Cuisine in Greece is much more sophisticated than it was in the early days of Greek tourism. It has come a long way from the days when every taverna served the same assortment of lukewarm moussaka, stuffed vegetables and unidentified fish smothered in tomatoes. You can even find Vietnamese and Mexican food in Athens these days.
But the true tastes of Greece are still to be found in its traditional tavernas and cafenion, in its street snacks and treats. Once you've sampled these 10 popular dishes, they will forever remind you of that table beside the beach, that taverna decorated with strings of colored lights, that shady breakfast terrace where you first tasted them. Keep in mind that just like in the U.S., tipping is expected.
This Mediterranean sandwich has spread all over the world and has been adapted to local tastes. But a Greek gyro has special characteristics that make it different from the others.
That gigantic vertical cone of ground meat you may have seen turning on a spit (and regarded with suspicion) isn't really Greek at all. It's probably Turkish or Turkish Cypriot. An authentic Greek gyro is never made with ground meat. It's made with slices or pieces of meat - always chicken or pork, never beef - layered on a special, vertical rotisserie spit. As it turns, the outside of the cone is exposed to an intense heating element or a gas flame that crisps and seals the outside while keeping the meat inside juicy.
Every gyro maker has his or her own "secret" combination of seasonings — usually a combination of garlic and onion powder, paprika, cinnamon, ground coriander, cumin and sometimes mild curry powder. The aroma of gyro seasoning is unmistakeable.
The crispy, juicy meat is sliced off the cone to order and then rolled in flat bread or pita bread with onions, tomatoes, lettuce, cucumber slices and tzatziki - a white yogurt and cucumber sauce. Red sauces and hot sauces are European innovations but an authentic Greek gyro is always made with the cooling, white cucumber sauce. Make sure to ask for plenty of paper napkins because a fresh gyro is messy to eat.
Some people worry that the large quantity of meat turning on the rotisserie all day is an invitation to bacteria. But actually, the meat is continually turning in front of flames or a strong heating element, which acts, just as all cooking does, as a kind of preservative. At the end of the day, the unsold meat is discarded and a fresh cone made at the start of business the next day. If it worries you, though, make sure the gyro maker you visit is a busy one with a fast turnover.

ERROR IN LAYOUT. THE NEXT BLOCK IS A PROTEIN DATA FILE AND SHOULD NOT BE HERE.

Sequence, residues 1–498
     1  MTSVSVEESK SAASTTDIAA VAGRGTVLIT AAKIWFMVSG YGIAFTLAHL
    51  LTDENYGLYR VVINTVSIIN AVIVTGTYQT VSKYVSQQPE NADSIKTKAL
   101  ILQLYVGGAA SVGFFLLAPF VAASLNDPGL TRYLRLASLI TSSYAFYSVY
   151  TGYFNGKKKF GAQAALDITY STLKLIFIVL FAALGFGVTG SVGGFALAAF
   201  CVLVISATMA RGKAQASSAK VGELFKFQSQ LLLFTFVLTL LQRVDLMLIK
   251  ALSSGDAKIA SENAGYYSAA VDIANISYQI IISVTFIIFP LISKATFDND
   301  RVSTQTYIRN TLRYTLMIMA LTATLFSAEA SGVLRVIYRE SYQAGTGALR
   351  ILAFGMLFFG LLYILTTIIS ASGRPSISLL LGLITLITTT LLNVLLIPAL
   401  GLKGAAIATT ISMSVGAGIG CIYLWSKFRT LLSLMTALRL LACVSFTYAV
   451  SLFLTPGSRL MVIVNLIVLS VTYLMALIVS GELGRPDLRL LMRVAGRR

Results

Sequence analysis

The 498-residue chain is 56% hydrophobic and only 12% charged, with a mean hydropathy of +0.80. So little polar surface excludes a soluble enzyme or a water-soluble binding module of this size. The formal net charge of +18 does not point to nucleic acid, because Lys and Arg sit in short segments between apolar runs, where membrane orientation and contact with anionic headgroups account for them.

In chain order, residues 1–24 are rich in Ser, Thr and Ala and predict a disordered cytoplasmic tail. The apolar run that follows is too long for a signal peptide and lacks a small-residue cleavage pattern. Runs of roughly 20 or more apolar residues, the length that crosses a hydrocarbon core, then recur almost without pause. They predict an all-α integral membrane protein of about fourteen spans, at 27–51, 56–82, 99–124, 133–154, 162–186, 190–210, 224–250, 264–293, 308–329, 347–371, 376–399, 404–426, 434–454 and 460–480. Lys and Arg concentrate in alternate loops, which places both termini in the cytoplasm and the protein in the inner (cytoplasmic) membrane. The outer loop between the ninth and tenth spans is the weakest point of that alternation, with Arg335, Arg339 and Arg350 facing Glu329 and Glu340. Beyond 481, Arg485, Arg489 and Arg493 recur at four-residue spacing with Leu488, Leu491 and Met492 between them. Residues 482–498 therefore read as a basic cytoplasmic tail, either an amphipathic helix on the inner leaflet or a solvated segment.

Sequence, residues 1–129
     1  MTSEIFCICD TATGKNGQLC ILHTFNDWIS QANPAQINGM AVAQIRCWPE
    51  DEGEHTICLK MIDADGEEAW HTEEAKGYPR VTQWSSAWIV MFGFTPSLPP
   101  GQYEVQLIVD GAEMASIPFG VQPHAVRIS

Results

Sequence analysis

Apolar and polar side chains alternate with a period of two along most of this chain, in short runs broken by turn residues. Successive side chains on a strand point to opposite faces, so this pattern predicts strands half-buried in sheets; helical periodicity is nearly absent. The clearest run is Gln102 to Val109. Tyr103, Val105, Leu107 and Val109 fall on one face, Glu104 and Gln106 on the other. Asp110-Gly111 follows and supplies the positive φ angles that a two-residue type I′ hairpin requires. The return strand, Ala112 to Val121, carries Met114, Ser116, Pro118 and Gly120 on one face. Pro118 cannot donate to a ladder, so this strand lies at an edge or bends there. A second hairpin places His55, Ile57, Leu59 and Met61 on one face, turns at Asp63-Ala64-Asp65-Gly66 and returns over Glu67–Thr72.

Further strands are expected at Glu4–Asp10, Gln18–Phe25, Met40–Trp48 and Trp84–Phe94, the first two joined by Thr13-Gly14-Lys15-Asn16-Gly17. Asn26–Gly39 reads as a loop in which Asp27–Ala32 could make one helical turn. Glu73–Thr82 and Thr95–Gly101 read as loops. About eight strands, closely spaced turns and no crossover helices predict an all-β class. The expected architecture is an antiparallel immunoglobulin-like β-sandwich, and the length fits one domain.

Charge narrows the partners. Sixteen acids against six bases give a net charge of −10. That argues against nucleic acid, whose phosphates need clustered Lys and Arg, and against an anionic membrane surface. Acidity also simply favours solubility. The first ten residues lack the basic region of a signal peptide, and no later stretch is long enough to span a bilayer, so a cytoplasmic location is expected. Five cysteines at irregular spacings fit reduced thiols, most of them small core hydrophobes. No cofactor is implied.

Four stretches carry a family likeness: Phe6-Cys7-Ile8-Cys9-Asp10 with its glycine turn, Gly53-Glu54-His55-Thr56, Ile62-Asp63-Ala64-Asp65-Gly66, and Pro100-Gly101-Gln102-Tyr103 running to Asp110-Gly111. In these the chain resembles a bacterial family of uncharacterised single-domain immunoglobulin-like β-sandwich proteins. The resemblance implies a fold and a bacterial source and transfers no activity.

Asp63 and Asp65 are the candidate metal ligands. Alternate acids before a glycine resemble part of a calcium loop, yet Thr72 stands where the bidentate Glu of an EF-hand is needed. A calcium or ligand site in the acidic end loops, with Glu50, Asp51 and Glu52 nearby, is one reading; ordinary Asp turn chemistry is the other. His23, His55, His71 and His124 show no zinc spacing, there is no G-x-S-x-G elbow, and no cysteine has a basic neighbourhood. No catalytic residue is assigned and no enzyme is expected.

Souvlaki are wooden skewers threaded with small cubes of marinated pork or chicken and grilled. Sometimes the meat is alternated with cubes of zucchini, tomato, small onions or mushrooms.
It can be eaten directly from the skewers, with the yogurt, mint and cucumber sauce known as tzatziki. Or the skewers can be unloaded into pita or soft flat bread, stuffed with tomatoes, cukes and onion and eaten like a gyro.
In some parts of Greece, street vendors sell souvlaki out of doors and at markets. They are also a popular element in a selection of meze.
Meze or Mezethes
Meze are small plates of savory foods — usually salads, meats, cheeses, nuts or olives — served to accompany drinks. While you may be able to order a selection of meze as a light meal or a starter in an American or English restaurant, in Greece they are rarely served in that way.
Instead, they fill the same role as antipasti in Italy or tapas in Spain. Dishes of one or two meze are meant to absorb strong alcohol like ouzo during a long café session. The dishes most often served as mezethes are: